Supply chain risk management is now a GovCon necessity

Requirements are growing for supply chain risk management and contractors need to embrace them not just as a business necessity but as a competitive differentiator.

Against a backdrop of highly publicized cyber hacks, ransomware attacks and extended goods shortages, supply chain risk management has taken center stage as a pressing operational and national security concern. This increased focus on strengthening and securing critical U.S. supply chains has already resulted in new requirements appearing in federal acquisitions, obligating federal contractors to identify, assess and mitigate supply chain-related security threats.

At this moment – as cyber and SCRM-related regulatory and contractual requirements are being implemented – there is an opportunity for motivated government contractors to stand out and differentiate themselves with strong SCRM practices. Doing so will better position these organizations to mentor and assist critical suppliers, minimize future cyber and supply chain disruptions, support national resilience and deliver value to agency customers. To put it simply, a short-term focus that fails to consider supply chain risk invites the possibility of new stresses to our national security posture and could expose companies to reputational harm and financial liability.

Here are three considerations for federal contractors that are ready to seize on SCRM as a differentiator.

  1. SCRM is important to the customer

In the face of rising uncertainty over data security and surveillance by foreign adversaries, federal agencies are progressively relying on their industry partners to proactively monitor their third-party ecosystems. It is increasingly important for government that contractors have a solid understanding of the companies that they are working with and the risks that they may present.

In addition to other steps taken by the federal government related to supply chain security, recent executive orders direct agencies to assess the global and U.S. supply chains for specific segments of the industrial base, and to enhance the security of the software supply chain. Legislative acts have also been put into place that emphasize a preference for U.S.-made products and ban government purchases of certain foreign-sourced equipment and services.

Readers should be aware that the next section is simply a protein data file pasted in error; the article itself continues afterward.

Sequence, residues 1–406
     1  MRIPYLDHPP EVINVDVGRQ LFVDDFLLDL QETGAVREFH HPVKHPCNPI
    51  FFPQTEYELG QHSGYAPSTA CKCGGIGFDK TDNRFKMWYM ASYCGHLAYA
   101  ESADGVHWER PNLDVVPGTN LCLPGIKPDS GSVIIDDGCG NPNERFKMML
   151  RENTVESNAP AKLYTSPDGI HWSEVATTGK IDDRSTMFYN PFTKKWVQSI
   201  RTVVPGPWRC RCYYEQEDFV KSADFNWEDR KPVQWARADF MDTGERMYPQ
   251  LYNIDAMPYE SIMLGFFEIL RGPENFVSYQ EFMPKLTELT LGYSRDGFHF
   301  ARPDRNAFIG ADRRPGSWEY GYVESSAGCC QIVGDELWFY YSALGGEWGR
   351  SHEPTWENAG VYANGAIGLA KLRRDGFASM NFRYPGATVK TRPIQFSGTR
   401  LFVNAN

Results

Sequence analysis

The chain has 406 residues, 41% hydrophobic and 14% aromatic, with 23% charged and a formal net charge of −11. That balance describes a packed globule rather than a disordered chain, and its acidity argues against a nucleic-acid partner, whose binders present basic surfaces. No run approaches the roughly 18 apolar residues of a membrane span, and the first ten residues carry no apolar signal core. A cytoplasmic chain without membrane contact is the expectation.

The more that contractors align with federal supply chain security efforts, the better that they can protect their government customers (and themselves). Companies should monitor the evolution of top initiatives guiding agency and contractor behaviors and best practices. Several important initiatives to take note of include:

  • National Institute of Standards and Technology’s Special Publication 800-161,Revision 1(slated to be finalized in April 2022) – designed to support federal agencies in identifying, assessing and mitigating supply chain risks associated with information and communications technology (ICT), the draft revision introduces a preliminary maturity model concept meant to improve visibility into and control of the highest impact ICT supply chain risks.
  • Cybersecurity and Infrastructure Security Agency Information and Communications Technology SCRM Task Force – the leading public-private partnership focused on enhancing ICT supply chain security strategies recently published practical resources meant to assist organizations with mitigating threats to the ICT supply chain.
  • DoD’s Cybersecurity Maturity Model Certification – intended to boost cybersecurity within the defense industrial base, the model is under review to ensure it does not unfairly penalize smaller companies.
  • Federal Acquisition Security Council – compelled by the SECURE Technology Act, this interagency body is tasked with developing uniform criteria for a SCRM program across federal agencies, including procedures for information sharing. On Aug. 26, 2021, the body issued a final rule to implement the requirements of the laws that govern the operation of the FASC.
  • Executive Order on Improving the Nation’s Cybersecurity – this ambitious EO directs change in a number of areas. Germane to this topic, it requires – in defined circumstances – vendors to provide a software bill of materials, which is a record of components and supply chain relationships used in building software, effective May 2022.
  1. SCRM is showing up in procurements